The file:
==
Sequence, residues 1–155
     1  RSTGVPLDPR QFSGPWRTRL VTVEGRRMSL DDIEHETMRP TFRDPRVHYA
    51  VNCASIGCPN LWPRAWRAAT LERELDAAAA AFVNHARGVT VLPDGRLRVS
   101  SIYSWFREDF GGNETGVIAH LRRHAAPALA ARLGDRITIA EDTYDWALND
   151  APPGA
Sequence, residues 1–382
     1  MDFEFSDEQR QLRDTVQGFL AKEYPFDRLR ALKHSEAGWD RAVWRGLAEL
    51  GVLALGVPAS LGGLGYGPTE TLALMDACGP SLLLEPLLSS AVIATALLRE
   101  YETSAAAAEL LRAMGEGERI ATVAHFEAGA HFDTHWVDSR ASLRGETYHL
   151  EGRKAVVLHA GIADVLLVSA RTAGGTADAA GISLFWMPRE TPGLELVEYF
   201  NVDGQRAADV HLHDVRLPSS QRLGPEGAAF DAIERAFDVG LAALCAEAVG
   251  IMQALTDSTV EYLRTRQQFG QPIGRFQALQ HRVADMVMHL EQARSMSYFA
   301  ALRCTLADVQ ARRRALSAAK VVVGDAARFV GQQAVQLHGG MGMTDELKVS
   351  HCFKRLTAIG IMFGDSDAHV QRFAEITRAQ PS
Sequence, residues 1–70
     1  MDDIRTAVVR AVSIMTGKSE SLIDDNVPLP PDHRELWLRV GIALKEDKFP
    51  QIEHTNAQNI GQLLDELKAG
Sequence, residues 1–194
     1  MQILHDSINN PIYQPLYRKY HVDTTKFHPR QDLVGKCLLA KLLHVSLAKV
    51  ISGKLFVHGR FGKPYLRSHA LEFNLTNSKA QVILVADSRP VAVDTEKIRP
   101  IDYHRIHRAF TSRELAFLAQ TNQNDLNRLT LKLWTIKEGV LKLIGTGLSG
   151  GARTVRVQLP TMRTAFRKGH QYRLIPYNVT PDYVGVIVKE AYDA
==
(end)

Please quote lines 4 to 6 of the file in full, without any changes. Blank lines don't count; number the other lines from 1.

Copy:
   101  SIYSWFREDF GGNETGVIAH LRRHAAPALA ARLGDRITIA EDTYDWALND
   151  APPGA
Sequence, residues 1–382